“Like the rest of the country, we welcome the news of the birth of a healthy baby and are naturally delighted for the new parents,” he said.
Dame Annette King
From a boat in the south of France, Dame Annette King, a Labour stalwart and long-time friend, said she was “absolutely delighted.”
“Congratulations to Jacinda and Clarke. I am going to suggest that Annie would be a good name – or Annette if you prefer the longer version.”
Dame Helen Clark
Former New Zealand Prime Minister Helen Clark said in an email to The Associated Press that it was a very happy day for Ardern and Gayford and that New Zealanders had taken the news of the pregnancy in their stride.
“This is a sign of our maturity as a country and its acceptance that combining career and family is a choice which women are free to make,” she wrote. “Let’s also celebrate Clarke as a modern man who is happy to be the full time parent of a young child.”
The former Prime Minister said attitudes had changed since she’d entered politics and that was a good thing. “For New Zealand, these events and the way our country has greeted them will be seen as inspirational by all who advocate for gender equality and women’s empowerment.”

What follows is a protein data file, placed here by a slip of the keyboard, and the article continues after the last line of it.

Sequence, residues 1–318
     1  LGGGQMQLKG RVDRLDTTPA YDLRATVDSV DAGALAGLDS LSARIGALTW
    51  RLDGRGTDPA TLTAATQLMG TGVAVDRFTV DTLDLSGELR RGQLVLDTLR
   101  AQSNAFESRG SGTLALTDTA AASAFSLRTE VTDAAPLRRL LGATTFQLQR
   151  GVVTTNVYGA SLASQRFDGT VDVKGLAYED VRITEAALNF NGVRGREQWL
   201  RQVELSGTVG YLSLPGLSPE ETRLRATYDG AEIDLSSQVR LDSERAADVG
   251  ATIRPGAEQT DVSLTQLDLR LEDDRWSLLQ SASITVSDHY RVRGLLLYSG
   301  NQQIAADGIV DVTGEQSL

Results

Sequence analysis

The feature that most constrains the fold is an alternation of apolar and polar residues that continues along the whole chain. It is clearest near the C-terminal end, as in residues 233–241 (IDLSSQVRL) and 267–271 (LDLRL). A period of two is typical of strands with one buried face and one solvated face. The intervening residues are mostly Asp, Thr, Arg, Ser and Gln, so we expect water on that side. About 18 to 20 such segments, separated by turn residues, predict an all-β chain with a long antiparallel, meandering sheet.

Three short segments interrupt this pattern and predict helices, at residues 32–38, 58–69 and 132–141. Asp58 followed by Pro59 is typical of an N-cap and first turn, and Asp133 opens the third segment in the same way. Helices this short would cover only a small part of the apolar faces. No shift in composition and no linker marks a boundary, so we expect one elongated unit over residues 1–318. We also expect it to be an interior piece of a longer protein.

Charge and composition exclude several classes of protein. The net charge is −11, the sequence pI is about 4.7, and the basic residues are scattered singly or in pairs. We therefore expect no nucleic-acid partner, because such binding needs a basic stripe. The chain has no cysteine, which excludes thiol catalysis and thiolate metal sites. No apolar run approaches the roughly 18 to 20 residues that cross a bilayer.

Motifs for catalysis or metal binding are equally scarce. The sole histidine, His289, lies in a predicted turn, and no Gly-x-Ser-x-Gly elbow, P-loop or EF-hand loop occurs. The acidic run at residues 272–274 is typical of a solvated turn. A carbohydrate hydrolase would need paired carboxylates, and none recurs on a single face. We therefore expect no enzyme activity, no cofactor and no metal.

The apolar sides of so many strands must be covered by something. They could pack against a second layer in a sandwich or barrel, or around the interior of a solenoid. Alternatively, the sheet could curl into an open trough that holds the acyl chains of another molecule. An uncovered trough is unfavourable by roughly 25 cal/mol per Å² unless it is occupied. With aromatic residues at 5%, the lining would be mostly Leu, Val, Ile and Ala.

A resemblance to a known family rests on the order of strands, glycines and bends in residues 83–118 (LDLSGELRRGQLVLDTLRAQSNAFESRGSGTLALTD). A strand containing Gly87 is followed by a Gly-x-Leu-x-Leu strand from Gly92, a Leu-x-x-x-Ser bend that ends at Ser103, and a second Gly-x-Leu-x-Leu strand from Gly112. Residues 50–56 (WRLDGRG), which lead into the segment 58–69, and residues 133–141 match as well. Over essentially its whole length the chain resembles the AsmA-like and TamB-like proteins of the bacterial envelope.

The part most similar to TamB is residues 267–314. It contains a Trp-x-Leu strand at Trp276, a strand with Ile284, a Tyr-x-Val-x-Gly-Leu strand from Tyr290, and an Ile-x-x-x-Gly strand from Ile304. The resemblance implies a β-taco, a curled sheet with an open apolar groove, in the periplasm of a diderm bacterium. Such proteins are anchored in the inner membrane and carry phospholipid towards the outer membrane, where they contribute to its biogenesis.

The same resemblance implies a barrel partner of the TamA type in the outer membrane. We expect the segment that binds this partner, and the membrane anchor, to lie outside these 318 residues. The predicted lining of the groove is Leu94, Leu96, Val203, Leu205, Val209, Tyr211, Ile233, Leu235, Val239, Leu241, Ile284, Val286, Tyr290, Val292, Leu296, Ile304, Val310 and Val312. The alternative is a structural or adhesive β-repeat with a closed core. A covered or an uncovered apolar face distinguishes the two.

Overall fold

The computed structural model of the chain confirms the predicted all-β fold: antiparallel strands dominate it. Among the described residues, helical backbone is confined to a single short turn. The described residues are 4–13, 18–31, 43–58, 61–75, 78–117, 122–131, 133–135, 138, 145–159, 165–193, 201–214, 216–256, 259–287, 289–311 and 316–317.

Jennifer Curtin, a professor of politics at the University of Auckland, said there was symbolic importance in Ardern giving birth, in that it showed political parties around the world that it was fine to have younger women as candidates.
Green Party Co-Leader Marama Davidson said the historic occasion sent a message that caring for children was one of the most important jobs there was.
“Listen, this is huge. I know this is huge for our country. This is huge for women and families and children. This is huge for the world.”
From across the political divide, the congratulations came too – from ACT and from National.
National’s leader Simon Bridges knows what it’s like to have a new-born in the home while working at Parliament.
He welcomed his third child at the end of last year.
“My messages would be really enjoying this special time, have as much fun with it as you can. They’ll be great parents and do a great job at it.”
“Being parents is a joy and a privilege and we are sure your new arrival will fill your lives with all the happiness our children have ours. Congratulations to you both. Our family wishes yours every happiness.”